The cars themselves are works of art with the reflections on the bodywork, especially when racing at night in somewhere like Suzuka, being unbelievable to see. The time of day and the weather also play a huge part in the game, with the track getting darker, or wetter as you race. Further to that is the way that the raindrops roll off the camera as you scream down the straight, or the way that the headlights on the car dip as you brake. It all pays tribute to the amount of work that has gone into the game.
The sound is equally as impressive, with just the pared back sounds of racing to be heard – the engines, the rush of wind and patter of rain, the squeal of tyres and the crunch of bodywork, all being fantastic. Being able to hear the difference between the boxer engine of a Subaru and the V6 of a Ford GT is brilliant. With headphones on, it gets even better.
There are a plethora of cars and tracks to choose from, and also ways to play. There are twenty tracks included in Forza Motorsport at launch, with more than 500 cars to choose from. Some tracks also have multiple layouts, and they all look amazing, right down to the patched tarmac and roadside obstacles.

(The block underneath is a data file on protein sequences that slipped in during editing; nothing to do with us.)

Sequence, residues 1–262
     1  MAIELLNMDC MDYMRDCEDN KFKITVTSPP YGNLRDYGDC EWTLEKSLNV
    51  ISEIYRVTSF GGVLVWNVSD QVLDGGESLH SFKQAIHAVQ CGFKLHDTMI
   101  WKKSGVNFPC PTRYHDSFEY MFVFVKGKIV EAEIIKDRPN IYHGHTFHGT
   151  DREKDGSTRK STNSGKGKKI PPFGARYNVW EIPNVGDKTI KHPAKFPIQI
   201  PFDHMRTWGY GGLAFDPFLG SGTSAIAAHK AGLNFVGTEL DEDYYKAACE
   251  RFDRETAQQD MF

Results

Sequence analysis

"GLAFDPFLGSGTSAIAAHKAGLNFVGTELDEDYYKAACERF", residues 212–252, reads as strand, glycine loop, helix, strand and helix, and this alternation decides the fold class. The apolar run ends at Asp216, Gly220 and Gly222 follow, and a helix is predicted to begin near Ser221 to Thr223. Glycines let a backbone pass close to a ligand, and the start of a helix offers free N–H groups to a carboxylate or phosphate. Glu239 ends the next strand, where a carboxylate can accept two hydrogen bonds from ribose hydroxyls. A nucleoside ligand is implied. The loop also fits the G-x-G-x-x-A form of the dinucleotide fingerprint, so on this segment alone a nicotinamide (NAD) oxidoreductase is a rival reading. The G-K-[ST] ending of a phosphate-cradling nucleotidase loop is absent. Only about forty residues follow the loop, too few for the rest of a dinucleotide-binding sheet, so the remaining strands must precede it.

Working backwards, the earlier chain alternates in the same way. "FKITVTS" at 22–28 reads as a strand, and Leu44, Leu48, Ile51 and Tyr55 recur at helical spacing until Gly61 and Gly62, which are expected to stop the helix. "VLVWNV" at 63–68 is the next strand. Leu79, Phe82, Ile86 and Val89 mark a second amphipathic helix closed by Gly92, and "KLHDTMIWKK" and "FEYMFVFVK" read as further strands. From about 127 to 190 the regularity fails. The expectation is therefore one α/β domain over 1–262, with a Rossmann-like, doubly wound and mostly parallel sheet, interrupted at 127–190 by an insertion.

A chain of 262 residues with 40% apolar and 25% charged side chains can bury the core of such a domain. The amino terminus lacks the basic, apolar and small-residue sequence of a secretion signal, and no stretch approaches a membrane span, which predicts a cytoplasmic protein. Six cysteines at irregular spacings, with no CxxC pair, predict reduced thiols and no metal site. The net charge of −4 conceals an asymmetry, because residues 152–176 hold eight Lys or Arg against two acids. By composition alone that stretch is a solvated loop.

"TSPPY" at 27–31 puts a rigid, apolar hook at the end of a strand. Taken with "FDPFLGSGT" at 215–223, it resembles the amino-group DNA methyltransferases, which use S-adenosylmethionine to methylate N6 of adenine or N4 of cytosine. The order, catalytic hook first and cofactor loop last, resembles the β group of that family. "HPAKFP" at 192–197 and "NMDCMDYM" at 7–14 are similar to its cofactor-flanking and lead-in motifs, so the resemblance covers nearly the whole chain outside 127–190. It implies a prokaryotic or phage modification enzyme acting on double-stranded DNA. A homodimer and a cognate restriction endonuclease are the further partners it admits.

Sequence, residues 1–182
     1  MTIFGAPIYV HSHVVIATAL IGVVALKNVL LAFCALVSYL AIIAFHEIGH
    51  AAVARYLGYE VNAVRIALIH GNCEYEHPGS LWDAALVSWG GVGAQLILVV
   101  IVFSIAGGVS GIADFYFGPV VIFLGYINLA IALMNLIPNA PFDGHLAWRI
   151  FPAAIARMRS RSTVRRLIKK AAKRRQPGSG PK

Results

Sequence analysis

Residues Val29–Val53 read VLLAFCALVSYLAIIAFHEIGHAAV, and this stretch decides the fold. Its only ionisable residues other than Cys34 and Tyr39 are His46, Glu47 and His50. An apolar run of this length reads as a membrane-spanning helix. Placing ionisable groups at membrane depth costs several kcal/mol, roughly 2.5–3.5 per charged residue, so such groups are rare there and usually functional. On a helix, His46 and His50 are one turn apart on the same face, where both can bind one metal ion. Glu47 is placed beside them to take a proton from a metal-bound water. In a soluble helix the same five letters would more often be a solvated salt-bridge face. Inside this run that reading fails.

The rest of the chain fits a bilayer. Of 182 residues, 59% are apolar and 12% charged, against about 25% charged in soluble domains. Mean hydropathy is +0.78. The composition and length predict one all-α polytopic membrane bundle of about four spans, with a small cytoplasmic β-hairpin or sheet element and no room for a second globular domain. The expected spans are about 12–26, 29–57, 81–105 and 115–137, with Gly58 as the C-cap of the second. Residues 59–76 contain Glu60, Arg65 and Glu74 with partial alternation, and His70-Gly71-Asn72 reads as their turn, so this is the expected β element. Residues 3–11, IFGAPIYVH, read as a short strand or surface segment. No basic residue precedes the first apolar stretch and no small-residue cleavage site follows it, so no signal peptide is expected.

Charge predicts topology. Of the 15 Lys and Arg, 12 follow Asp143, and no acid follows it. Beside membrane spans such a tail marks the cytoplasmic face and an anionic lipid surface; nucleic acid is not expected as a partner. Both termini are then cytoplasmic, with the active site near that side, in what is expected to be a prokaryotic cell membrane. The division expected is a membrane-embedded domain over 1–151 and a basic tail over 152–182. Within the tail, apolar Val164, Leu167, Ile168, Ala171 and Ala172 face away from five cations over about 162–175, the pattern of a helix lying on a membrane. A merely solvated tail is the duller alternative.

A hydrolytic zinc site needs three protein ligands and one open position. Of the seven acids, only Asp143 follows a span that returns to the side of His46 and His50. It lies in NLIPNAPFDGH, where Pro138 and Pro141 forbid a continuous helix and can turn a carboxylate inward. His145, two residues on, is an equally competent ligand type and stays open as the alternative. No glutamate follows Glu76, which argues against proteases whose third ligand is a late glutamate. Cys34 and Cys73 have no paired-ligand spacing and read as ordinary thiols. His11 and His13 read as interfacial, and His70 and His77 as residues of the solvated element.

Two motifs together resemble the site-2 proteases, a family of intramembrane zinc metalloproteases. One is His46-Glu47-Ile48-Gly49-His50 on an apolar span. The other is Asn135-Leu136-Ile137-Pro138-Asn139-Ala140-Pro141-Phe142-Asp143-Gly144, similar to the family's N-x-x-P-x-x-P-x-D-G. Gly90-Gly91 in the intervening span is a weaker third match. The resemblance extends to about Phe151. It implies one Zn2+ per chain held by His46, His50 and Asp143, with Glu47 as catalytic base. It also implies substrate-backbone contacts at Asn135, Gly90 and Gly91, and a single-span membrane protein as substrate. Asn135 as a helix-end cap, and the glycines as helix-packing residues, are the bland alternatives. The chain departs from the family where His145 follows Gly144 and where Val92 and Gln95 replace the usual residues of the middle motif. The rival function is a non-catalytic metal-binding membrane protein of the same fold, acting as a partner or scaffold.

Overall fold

As for ways to play, the game really has you covered here. The main single player mode is the Builder Cup, which has a range of different series to race in, each of which comes complete with smaller series within them, requiring a different type of car to race in. These range from hatchbacks to exotic track based machinery. Jumping from a Corsa to Supra to a Huracan STO is all within these series remits. There are also featured Series to race in that are unveiled each week. And there is Free Play too, letting you take any car on any track in any conditions to see how it copes.
Multiplayer is the next port of call, and this covers things like actual racing and the Rivals events. Multiplayer is full of incredibly tense racing, as you attempt to race cleanly and fast (well, most of us do, there are always a few idiots who try to ruin it). Going wheel to wheel while attempting to win clean is a great feeling. I have really enjoyed playing this mode, and even though it is you – and some mates – against the world, it is surprisingly enjoyable.
Rivals is a great way of comparing yourself to your friends too, as you lay down a time on a track and then see if they can better it. There is an option to create a private multiplayer lobby should you wish, if you only want to race with friends, and this is a great way of settling arguments about who is the greatest.
There is so much to love about Forza Motorsport, that it is an easy sell. The game looks, races and – most importantly – feels absolutely bang on, and while I don’t love the new upgrade system, it’s something to get used to.
If you like cars or driving games, you have to play Forza Motorsport. Simple as that.